To be clear, the cessation of volition in the action of the body is not the experience Gautama associated with his enlightenment–that would be the cessation of volition in the action of the mind, in “feeling and perceiving”. Having attained to the “cessation of feeling and perceiving”, Gautama saw for himself that suffering is the last link in a chain of cause and effect, and his insight into the nature of suffering was his enlightenment.
In one of his declensions of the cause and effect of suffering, Gautama spoke of how consciousness comes to be “stationed” as a result of “that which we will”, and how that “station of consciousness” gives rise to “this mass of ill”:
That which we will…, and that which we intend to do and that wherewithal we are occupied:–this becomes an object for the persistance of consciousness. The object being there, there comes to be a station of consciousness. Consciousness being stationed and growing, rebirth of renewed existence takes place in the future, and here from birth, decay, and death, grief, lamenting, suffering, sorrow, and despair come to pass. Such is the uprising of this mass of ill.
Even if we do not will, or intend to do, and yet are occupied with something, this too becomes an object for the persistance of consciousness… whence birth… takes place.
But if we neither will, nor intend to do, nor are occupied about something, there is no becoming of an object for the persistance of consciousness. The object being absent, there comes to be no station of consciousness. Consciousness not being stationed and growing, no rebirth of renewed existence takes place in the future, and herefrom birth, decay-and-death, grief, lamenting, suffering, sorrow and despair cease. Such is the ceasing of this entire mass of ill.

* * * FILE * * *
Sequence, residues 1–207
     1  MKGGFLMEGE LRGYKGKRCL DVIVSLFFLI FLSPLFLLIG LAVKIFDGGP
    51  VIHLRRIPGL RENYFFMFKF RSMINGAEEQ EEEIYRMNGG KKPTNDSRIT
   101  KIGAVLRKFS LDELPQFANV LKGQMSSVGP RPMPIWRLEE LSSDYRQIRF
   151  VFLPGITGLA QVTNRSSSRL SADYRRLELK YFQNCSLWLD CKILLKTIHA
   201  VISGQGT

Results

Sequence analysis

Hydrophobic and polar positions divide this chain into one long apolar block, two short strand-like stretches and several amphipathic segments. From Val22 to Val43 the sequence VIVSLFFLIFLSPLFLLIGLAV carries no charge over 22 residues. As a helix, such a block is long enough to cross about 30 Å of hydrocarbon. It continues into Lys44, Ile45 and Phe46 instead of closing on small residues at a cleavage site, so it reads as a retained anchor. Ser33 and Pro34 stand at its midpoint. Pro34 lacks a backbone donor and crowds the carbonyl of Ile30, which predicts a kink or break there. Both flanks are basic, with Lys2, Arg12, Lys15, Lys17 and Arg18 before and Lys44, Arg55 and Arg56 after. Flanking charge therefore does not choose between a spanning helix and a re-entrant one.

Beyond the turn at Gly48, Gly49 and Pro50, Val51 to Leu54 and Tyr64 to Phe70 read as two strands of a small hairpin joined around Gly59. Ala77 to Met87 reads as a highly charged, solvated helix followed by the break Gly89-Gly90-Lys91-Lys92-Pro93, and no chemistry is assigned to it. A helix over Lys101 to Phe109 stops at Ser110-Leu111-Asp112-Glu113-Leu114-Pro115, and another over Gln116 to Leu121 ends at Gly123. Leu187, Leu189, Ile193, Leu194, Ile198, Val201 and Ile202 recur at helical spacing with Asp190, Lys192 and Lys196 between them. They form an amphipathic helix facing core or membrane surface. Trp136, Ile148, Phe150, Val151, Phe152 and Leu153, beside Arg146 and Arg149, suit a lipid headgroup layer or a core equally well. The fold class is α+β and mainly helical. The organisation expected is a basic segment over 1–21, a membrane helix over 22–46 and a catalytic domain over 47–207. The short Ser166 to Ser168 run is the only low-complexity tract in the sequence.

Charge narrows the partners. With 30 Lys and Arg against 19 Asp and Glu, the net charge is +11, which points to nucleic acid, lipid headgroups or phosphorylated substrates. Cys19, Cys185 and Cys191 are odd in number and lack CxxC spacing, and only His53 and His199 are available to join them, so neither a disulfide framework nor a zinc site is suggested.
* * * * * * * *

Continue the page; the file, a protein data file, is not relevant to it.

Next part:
(SN II 65, Pali Text Society SN Vol II pg 45)
It’s my belief that the mind that moves is the opposite of “a station of consciousness”.
“Birth, decay-and-death, grief, lamenting, suffering, sorrow and despair”—in some of his lectures, Gautama summarized “this entire mass of ill” by saying “in short, the five groups of grasping”. Grasping after a sense of self in connection with phenomena of form, feeling, mind, habitual tendency, or mental state is identically suffering, according to Gautama.
I’m not sure that most people would agree with Gautama, that grasping after a sense of self is suffering. I think most people see suffering as something that takes place in connection with pain.
There are at least two sermons where disciples of Gautama paid a visit to some member of the order who was seriously ill, because that member of the order intended to “take the knife” (commit suicide). I believe the disciples were unable to dissuade the ill individual from taking the knife, even though all involved were well-versed in the teaching. My guess is that lacking Gautama’s experience, both with the endurance of pain and with the surrender of volition, few can avoid the grasping associated with the desire to avoid pain.
People also suffer from the failure to get the things that they desire in everyday life, things other than the relief of pain. Maybe that’s the kind of suffering my friend meant to imply when she said, “cleaning cat boxes, cooking, shopping, driving, bathing, and suffering”. I find relief from that kind of suffering in “making self-surrender the object of thought”, and as I’ve explained, for me that entails making the cessation of volitive action the object of my thought. I believe my friend also finds relief from suffering in “making self-surrender the object of thought”, but for her that has to do with good works.
I hope I can say that my friend and I share a belief in the efficacy of selfless action in the relief of suffering, although I have yet to adequately explain to her how letting go of volition can result in action.
It’s impossible to teach the meaning of sitting. You won’t believe it. Not because I say something wrong, but until you experience it and confirm it by yourself, you cannot believe it.
(Kobun Chino Otogawa, “Embracing Mind”, edited by Cosgrove & Hall, pg 48)